US lung epidemic “caused by contamination”

The outbreak of serious lung disease across the USA, which the press have been gleefully linking to electronic cigarettes, can actually be traced to chemical contamination in a range of marijuana products. So far more than 500 cases have been reported, across 33 states and one territory, and at least five people are dead. Opponents of tobacco harm reduction have seized the chance to issue hysterical warnings about the “dangers” of vaping, but now health officials say they’ve identified the probable cause.

Analysis of cannabis vapes used by victims have found the same contaminant in all of them – Vitamin E acetate. This is an oil derived from Vitamin E, which is often sold as a health supplement or used to treat minor skin conditions. It’s safe when swallowed or applied to the skin, but it seems it’s dangerous when vaporised and inhaled.

The actual vaping industry has known for a long time that oils should be avoided in liquids – inhaling vaporised oil can cause lipoid pneumonia, a severe lung disease with some resemblance to the current US outbreak. However these cases seem to be linked to black market or counterfeit products. The FDA is currently telling state officials that its lab tests have found no contamination or other unusual substances in nicotine vaping products used by victims.

It’s always been clear that, whatever was causing these cases, it wasn’t normal vapour products – otherwise, why would the outbreak have appeared in the USA in late June, and not worldwide 15 years ago? Now it seems likely that a contaminated batch of marijuana extract has found its way into the US criminal market and been used in a variety of illicit products. Further restrictions on legal vaping products will achieve nothing, but that probably won’t stop the antis yelling for them anyway.

Michigan imposes first state-wide flavour ban

Michigan will soon achieve the dubious distinction of becoming the first state to ban flavoured vaping products. While San Francisco has already banned flavours and several other counties and cities are heading down the same road, these have all been local moves. Michigan’s will affect the state’s whole population of almost ten million people.

Unusually, this ban hasn’t even been voted on by state politicians. Michigan state law allows state agencies to create regulations that have legal force, even if they haven’t gone through the state legislature. Governor Gretchen Whitmer directed the state’s health department to write this ban, and as soon as it’s finished and filed it will become limited state law.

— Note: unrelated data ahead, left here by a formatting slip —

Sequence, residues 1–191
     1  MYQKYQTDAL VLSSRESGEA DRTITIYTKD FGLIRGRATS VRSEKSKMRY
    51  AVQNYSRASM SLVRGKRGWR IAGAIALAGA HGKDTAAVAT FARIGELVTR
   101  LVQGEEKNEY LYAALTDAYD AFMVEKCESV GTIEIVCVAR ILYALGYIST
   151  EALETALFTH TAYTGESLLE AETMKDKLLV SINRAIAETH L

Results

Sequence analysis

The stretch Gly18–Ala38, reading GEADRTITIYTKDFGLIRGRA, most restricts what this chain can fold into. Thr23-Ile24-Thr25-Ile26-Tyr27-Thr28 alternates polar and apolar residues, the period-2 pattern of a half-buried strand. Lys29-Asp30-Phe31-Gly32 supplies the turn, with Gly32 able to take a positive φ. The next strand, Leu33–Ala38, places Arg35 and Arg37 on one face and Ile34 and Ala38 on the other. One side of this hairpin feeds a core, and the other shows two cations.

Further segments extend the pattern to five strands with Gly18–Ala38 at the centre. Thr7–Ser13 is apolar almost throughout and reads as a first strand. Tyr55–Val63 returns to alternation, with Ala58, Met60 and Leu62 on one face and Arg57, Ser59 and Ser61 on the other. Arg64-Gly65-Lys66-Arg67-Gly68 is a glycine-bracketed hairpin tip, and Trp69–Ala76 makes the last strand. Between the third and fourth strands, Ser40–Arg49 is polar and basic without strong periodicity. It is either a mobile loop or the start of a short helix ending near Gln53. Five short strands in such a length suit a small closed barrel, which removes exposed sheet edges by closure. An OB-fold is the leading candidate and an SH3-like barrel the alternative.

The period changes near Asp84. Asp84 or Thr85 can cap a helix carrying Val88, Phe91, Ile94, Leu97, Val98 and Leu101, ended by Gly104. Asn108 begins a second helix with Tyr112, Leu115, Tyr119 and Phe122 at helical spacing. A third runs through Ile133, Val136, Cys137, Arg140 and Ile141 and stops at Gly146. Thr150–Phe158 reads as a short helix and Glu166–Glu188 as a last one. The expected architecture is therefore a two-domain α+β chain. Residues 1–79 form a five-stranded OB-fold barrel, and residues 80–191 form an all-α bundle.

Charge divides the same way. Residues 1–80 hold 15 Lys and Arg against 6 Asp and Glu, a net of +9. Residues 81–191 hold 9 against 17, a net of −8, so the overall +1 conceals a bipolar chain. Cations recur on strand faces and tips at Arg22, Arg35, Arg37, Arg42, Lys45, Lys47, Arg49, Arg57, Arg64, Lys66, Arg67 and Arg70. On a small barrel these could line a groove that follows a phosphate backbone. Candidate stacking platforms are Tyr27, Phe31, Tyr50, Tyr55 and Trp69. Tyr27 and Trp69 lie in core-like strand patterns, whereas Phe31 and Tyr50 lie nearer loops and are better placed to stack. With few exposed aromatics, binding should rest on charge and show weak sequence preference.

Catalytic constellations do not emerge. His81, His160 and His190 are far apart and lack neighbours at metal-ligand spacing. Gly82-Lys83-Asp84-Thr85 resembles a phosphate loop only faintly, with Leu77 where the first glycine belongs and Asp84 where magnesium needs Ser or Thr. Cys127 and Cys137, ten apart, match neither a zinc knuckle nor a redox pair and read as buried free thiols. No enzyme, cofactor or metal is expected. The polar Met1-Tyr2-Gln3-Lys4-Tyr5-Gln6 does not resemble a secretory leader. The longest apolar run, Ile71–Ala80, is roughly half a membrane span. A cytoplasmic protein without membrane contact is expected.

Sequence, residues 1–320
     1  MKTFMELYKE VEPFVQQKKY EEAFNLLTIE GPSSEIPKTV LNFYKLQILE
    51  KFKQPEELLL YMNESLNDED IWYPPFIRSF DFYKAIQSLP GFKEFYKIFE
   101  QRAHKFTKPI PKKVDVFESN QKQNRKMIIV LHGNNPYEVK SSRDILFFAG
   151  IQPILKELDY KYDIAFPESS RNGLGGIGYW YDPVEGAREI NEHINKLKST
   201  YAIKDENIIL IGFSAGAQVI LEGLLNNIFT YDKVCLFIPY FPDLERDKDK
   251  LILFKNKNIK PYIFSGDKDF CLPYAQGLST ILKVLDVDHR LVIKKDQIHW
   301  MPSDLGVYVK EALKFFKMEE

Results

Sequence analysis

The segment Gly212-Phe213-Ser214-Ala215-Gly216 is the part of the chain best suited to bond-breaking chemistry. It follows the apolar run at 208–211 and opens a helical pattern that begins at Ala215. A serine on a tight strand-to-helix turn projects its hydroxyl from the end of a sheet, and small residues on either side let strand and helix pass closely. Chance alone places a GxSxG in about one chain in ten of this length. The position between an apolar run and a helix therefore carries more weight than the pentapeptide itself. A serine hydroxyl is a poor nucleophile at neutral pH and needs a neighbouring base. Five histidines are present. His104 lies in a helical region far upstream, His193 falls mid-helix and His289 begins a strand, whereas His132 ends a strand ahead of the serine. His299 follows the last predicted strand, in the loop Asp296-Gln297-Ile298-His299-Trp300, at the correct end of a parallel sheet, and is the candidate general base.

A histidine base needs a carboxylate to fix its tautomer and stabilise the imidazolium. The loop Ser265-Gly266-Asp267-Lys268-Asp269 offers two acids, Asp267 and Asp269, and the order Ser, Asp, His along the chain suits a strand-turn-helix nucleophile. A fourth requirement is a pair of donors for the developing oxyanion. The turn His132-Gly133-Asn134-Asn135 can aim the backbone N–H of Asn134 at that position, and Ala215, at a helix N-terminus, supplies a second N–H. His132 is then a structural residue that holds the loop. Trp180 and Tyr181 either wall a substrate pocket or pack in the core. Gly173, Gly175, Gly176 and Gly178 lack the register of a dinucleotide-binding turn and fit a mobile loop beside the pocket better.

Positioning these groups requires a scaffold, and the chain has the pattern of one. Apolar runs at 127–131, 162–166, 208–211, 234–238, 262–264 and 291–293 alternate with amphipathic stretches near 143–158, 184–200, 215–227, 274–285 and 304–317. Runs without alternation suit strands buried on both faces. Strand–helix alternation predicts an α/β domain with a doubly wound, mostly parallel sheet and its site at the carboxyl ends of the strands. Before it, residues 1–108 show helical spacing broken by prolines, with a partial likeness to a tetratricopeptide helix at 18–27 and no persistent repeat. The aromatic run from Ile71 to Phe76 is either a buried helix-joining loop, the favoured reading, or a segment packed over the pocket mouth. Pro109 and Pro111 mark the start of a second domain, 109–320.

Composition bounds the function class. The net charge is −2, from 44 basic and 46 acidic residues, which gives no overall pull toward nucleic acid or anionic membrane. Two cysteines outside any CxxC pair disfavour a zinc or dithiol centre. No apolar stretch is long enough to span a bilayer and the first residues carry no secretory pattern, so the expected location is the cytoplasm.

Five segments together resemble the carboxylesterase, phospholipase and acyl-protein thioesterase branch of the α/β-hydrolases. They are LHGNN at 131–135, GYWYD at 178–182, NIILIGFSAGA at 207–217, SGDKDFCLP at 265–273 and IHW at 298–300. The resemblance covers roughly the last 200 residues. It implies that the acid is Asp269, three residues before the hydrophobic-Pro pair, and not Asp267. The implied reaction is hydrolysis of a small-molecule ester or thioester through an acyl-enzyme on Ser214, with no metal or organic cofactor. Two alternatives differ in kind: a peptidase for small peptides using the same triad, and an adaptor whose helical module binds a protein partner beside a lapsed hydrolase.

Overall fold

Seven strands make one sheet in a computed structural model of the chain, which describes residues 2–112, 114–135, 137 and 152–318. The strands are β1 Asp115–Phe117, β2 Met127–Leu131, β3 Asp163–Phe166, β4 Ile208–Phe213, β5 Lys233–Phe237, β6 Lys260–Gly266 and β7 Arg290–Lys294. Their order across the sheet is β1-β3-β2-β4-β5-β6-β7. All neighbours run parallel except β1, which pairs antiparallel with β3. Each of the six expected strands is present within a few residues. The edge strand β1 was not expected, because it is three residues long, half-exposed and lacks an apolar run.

According to Whitmer the ban won’t affect unflavoured or tobacco-flavoured vapour products, but will outlaw all other flavours. Her argument is that “ companies selling vaping products are using candy flavors to hook children on nicotine” – despite a mass of evidence showing that adult vapers also prefer non-tobacco flavours by a large margin.

The law is expected to come into force in a few weeks. Once it does it will remain law for six months, and Whitmer can extend that for another six. After that it will have to be formally voted into law by the state legislature.

Whitmer’s move has already attracted fierce criticism from harm reduction advocates, who slammed it for being undemocratic as well as counter-productive. Gregory Conley of the American Vaping Association called it a “shameless attempt at backdoor prohibition” while State Representative Beau LaFave labelled it a “non-democratic process” by “Emperor Whitmer”.

JUUL fights back against San Francisco vape ban

E-cigarette manufacturer JUUL Labs has won a partial legal victory against San Francisco over a ballot question. The company has been trying to replace the city’s recent total ban on vapour product sales with a lighter and more sensible set of regulations. However, the city had worded the proposed question in a way that suggests e-cigs are currently banned by the federal government.

Now San Francisco’s Superior Court has ruled that the words “sale of electronic cigarettes that lack required FDA authorization” is potentially misleading to voters, implying that it’s illegal to sell e-cigs that don’t have FDA approval (it isn’t, yet). However, he allowed the city to keep a statement saying that passing the ballot measure would strike down the current ban.